due to their side effects.

to recognize that methylphenidate is the most commonly used medication in many


cases (Barkley, 1997). This medication, widely known under its popular name
Ritalin, is a chemical stimulant that intensifies the frontal; lobes capacity, reduces
physical and verbal activity, and helps in maintaining sustained attention.
Moreover, it activates neuronal communication between the frontal and prefrontal
lobes, and controls the amount of neurotransmitters carried by blood to cerebral
structures 5hat penetrate into the brain up to the synapses. This is where some
components of the drug attach themselves to neurotransmitters, facilitating the
release of noradrenaline (NA), or norepinephrine, as well as dopamine (DA)
(Lavigueur, 2002);

that pharmacology professionals must inform, in a timely manner, parents and


educators of the potential attendant risks of medication use, as drugs can be
harmful to children and teenagers in several ways. Moreover, a child may react
positively to a treatment, yet negatively to another. In order to select the best
combination of drugs for the treatment of a given patient, professionals such as a
general practitioner or a neurologist can suggest different drugs and dosage
regimens, especially if the patient is already receiving treatment for ADHD or
another disorder;

to prevent ADHD onset in childhood in order to apply, re-organize and tailor


short-term, mid-term, and long-term treatments;

to assess therapy benefits and the learning models used.

Other Therapeutic Aspects of ADHD


Compilation of the entire patients clinical history is required, including signs and
symptoms, medical and familial history such as allergies, behaviors in school or home
settings, individual strengths and weaknesses, as well as associated pathological
conditions, etc.
Diagnosing ADHD is not considered as a therapeutic intervention leading to global
rehabilitation. Actually, it is the first step of the rehabilitation process, but it is crucial in
several cases, since the lack of specific diagnoses and appropriate therapies increase
aversion to therapies, drop-outs, or inclination towards offending and irresponsible
behaviors, such as addictions to toxic substances in teenagers and adults (Galves Flores,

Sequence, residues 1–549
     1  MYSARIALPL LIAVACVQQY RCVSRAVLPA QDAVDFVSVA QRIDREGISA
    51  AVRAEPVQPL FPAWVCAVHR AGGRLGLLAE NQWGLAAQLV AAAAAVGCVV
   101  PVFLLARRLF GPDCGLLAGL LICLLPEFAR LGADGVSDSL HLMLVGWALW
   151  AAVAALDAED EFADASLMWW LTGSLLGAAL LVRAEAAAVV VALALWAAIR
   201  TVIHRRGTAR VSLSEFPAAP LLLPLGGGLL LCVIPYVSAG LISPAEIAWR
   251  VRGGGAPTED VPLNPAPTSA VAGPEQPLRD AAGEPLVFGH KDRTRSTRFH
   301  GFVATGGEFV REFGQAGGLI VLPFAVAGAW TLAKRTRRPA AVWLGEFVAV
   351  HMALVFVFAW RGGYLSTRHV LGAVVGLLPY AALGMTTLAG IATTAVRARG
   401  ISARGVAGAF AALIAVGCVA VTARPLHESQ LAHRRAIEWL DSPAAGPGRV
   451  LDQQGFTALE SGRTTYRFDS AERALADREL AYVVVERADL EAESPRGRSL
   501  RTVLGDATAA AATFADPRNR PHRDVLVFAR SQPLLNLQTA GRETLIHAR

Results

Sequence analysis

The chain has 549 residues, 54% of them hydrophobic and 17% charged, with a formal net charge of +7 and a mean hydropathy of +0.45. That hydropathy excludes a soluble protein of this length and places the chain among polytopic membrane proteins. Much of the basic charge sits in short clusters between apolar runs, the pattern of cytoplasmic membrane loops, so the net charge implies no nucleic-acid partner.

and Rincn Salazar 2008).
There is an urgent need to implement appropriate multidisciplinary treatments based upon
the social, cultural, familial, and individual differences of patients with ADHD in order to
-6-

intervene and provide relevant information that will allow them to learn how to manage
their symptoms efficiently.
There is also a need to organize work methods under the supervision, and with the help of
parents and educators, providing feedback and a new assessment every 2, 4, or 6 months.
If changes occurred during these steps, no neurological disorder is present; but if
cognitive and motor impairments are persistent and no change is observed during control
steps, significant neurological disorders are thereby confirmed.
Feedback must be addressed in simple terms to the patient with ADHD. At the same time,
specific information must be provided to parents and educators in appropriate terms, by
avoiding the use of stereotypes or to put the blame on anyone for the symptoms shown by
patients with ADHD. The goal is to get parents and teachers involvement in therapy in
order to guide properly the rehabilitation process of the persons affected with this
disorder. In most cases, these persons are unaware of their impairment, and their parents
do not know the strategies to use in order to face the impairment of their children.
Clear instructions should be given and mechanisms implemented in order to give
numerous strategies to avoid limiting the motivation process that is so important in
rehabilitation. Children with ADHD should learn how to use appropriate strategies to
control their disruptive behaviors through either combined techniques of cognitive and
behavioral therapies, proper dosage regimens of medication for every specific case, and
this, after making sure that any other associated condition has been eliminated.
It is also important to reinforce abilities in the management of personal hygiene during
leisure time, as well as to use relaxation techniques, increase the number of playful and
sport activities, implement balanced diets, and reduce the consumption of food increasing
chemical imbalances in the brain that maintain ADHD symptomsas this method
actually works in some patients.

Conclusion
ADHD is frequently diagnosed in children and creates secondary disorders most likely to
remain during adulthood. In clinical settings, seldom are the chances to find ADHD in an
isolated pattern and comorbidity associated with neuropsychological disorders and
impairments is most likely to appear. This is why interventions made by interdisciplinary